The standoff between Rand Paul and the Senate leadership over the Kentucky lawmaker's demand
for a vote cutting off aid to Libya, Egypt, and Pakistan is threatening to
derail the confirmations of new ambassadors to Iraq and Pakistan before the upper
chamber leaves town.
Paul stopped all work on the Senate floor today over
his demand for a vote on two amendments he is proposing to the veterans' jobs
bill under consideration.
One amendment would withhold all U.S. aid to
Pakistan until the Pakistani government releases Shakil Afridi, the
doctor who worked with the CIA to help positively identify Osama bin Laden.
Afridi was sentenced in June
to 33 years in jail for treason.
The second would prohibit aid to Libya and Egypt
until anyone involved in this week's attacks on U.S. diplomatic posts was
arrested and transferred to U.S. custody.
Paul is objecting to unanimous consent on all Senate
business until he gets his way, dragging out the process of taking votes for
Late Thursday evening Senate Majority Leader Harry Reid (D-NV) announced that the
Senate would not stay in session all weekend due to the stalemate, as many on
Capitol Hill feared. The Senate will come back Sept. 19 to an enormous pile of
urgent business, including funding the government, before its planned
adjournment the following weekend.
The Democratic leadership has no intention of allowing a vote on
Paul's amendments, partially because lawmakers don't want to be put in the
position of voting for the aid so close to the election. If the amendments
actually passed, moreover, the sudden impact for America's foreign policy would
create huge problems for the Obama administration as it struggles to tamp down
spiraling unrest in the broader Middle East.
But if Paul doesn't get his vote, he intends to
maintain his existing hold on the nomination of Richard Olson be the U.S. envoy in
Islamabad and work to thwart the building effort to quickly confirm Robert Stephen Beecroft as the new ambassador
"We are continuing our hold on the ambassador until
we are allowed time and debate on a Senate vote to cut U.S. foreign aid to
Pakistan," Paul's Communications Director
Moira Bagley told The Cable today.
The Beecroft nomination was just announced this week,
and is therefore not in front of the full Senate yet, but Bagley said that Paul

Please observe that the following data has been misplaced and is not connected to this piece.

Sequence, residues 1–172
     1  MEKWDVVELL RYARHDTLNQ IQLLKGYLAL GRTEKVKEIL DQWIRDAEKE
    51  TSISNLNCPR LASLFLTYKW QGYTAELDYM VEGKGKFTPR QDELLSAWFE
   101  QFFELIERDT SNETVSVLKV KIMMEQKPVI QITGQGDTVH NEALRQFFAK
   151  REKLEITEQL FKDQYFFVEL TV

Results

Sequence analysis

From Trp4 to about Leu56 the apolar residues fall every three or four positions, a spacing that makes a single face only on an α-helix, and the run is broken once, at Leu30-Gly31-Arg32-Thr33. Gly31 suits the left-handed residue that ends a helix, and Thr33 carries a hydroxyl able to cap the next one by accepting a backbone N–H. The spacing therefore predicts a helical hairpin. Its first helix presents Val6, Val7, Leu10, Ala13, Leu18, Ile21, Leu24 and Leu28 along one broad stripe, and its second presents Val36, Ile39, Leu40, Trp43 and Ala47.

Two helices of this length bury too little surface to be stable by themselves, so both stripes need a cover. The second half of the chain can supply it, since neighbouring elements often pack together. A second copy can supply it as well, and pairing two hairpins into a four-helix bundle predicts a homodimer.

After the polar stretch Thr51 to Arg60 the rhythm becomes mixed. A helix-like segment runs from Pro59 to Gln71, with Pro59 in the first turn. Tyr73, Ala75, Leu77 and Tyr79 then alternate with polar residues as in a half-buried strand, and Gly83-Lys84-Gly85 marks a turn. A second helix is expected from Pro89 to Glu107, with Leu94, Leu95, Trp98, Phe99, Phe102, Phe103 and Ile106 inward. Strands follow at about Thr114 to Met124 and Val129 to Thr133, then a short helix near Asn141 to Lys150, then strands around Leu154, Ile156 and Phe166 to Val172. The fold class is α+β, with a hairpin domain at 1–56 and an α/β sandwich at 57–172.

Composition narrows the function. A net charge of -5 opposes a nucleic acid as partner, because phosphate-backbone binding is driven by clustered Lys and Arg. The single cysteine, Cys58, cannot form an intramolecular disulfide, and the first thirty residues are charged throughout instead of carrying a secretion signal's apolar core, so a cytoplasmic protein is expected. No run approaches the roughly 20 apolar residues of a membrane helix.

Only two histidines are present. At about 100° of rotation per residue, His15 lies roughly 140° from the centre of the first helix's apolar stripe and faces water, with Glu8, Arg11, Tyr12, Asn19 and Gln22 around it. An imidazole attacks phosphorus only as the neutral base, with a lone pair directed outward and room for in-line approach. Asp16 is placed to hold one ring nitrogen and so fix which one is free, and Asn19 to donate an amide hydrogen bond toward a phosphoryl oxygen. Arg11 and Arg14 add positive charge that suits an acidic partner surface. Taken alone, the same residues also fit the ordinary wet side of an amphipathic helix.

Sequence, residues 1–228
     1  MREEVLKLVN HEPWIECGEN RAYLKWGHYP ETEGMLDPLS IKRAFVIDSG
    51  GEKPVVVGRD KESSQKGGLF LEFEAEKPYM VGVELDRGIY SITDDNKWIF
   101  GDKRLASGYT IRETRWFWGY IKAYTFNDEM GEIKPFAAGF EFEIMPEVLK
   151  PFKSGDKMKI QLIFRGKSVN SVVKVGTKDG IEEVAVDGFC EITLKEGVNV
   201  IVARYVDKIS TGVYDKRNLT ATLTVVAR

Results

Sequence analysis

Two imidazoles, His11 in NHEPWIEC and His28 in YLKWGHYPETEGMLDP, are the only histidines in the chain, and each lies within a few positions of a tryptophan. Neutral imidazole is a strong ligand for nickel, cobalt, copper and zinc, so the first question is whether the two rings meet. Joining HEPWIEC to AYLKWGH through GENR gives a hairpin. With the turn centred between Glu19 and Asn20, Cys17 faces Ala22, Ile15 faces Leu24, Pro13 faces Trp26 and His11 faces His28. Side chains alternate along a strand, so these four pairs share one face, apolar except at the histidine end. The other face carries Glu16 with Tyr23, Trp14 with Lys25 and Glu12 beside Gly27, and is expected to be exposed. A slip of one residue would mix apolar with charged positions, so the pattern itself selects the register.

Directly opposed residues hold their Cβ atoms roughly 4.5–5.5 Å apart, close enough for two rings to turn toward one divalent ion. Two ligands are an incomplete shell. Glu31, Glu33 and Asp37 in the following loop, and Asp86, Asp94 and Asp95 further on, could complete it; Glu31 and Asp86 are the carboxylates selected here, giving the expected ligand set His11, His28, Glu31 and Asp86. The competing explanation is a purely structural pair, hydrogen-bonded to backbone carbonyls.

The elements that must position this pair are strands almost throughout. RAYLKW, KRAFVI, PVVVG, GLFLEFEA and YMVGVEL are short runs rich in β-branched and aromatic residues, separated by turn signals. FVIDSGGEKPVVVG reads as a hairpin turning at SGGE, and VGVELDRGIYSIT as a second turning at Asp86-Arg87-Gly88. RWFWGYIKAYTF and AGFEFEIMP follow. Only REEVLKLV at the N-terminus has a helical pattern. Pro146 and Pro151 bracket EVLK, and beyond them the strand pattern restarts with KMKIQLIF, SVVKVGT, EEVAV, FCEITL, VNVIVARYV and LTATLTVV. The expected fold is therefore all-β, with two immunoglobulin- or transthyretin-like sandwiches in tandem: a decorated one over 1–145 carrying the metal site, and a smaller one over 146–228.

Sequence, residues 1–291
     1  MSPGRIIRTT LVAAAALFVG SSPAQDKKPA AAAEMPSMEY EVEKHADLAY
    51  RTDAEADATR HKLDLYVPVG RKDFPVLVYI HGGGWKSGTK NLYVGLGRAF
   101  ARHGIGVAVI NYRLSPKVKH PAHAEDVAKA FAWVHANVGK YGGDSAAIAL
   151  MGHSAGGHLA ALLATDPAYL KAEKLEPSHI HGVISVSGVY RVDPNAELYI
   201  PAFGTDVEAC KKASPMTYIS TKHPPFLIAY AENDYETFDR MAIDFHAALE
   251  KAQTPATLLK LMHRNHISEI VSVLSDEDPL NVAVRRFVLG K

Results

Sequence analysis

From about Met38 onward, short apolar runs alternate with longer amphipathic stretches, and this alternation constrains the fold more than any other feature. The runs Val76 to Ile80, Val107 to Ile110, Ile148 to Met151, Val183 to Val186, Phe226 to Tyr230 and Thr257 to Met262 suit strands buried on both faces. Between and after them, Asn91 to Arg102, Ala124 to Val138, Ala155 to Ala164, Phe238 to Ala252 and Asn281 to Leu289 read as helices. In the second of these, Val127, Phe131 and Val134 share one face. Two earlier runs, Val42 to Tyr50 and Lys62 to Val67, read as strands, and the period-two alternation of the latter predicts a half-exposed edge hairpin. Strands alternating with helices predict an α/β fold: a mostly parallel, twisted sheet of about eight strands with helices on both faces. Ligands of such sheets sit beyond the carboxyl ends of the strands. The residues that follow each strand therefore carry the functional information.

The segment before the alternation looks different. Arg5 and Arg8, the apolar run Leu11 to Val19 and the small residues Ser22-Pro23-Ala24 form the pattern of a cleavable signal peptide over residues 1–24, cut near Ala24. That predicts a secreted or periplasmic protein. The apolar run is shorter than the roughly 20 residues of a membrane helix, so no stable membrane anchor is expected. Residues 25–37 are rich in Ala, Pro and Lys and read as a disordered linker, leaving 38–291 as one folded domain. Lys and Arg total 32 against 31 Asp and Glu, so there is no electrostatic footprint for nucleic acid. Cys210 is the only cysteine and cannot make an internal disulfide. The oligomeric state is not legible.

is prepared to use his prerogative to object to quick passage of any
legislative action, including the two nominations, if Senate leadership doesn't
allow his vote.
On Wednesday night, Reid taunted Paul, saying, "I
just think my friend from Kentucky maybe should have run for secretary of state
rather than the Senate."
On the Senate floor Thursday, Paul got into a heated
exchange with someone who actually is
said to be in contention to become secretary of state, Senate Foreign Relations
Committee Chairman John Kerry
"My position is not one penny more for Libya or
Egypt or Pakistan until they act like our allies. Some say we've got to keep
sending it. Fine. Let's send it when they act like our allies. Let's send it
when they start behaving like civilized nations and come to their senses," Paul
said. "Let's memorialize those people who sacrificed their lives and the
veterans by saying we're not going to give money to a country that disrespects
and disavows everything we've done over the last 10 years to combat terrorism."
Kerry called Paul "arrogant" for saying these
countries weren't civilized and he argued that the attacks on the diplomatic
outposts were not the fault of the Egyptian and Libyan governments, so punishing
them would be counterproductive and self-defeating. He said pulling the aid out
of Pakistan would hurt the effort in Afghanistan, where thousands of American troops
Kerry then called on Paul to travel to those
countries, and he said the U.S. role must be to help countries in their
struggle for democracy and stability, not abandon them.
"Whatever happened to the great commitment of the
conservative movement in America to freedom and democracy and to help it
develop?" Kerry said. "Just turn your back on it, pull the aid out? What the
Beecroft's nomination hearing is scheduled for Sept.
18, and the Senate Foreign Relations Committee will hold a business meeting
Sept. 19 where Beecroft, if he is on the agenda, is expected to be approved. Paul
has not cited any problem with Beecroft personally, or Olson for that matter --
they are just his leverage.
If Beecroft and Olson don't get confirmed by the end
of next week, the United States won't have ambassadors in Iraq or Pakistan
until after the November election.
Kerry says he will push to get it done, but there
are no guarantees.
"Make no mistake: Our
embassy in Baghdad is one of our most important and what happens there is key
to our bilateral relationship and our work in the Middle East. By all accounts,
Steve Beecroft is a highly capable career Foreign Service
officer who has ambassadorial experience, and it is in America's best interest
to get him on the ground as quickly as possible," Kerry said in a statement to The Cable. "I will work to get him
confirmed without delay."
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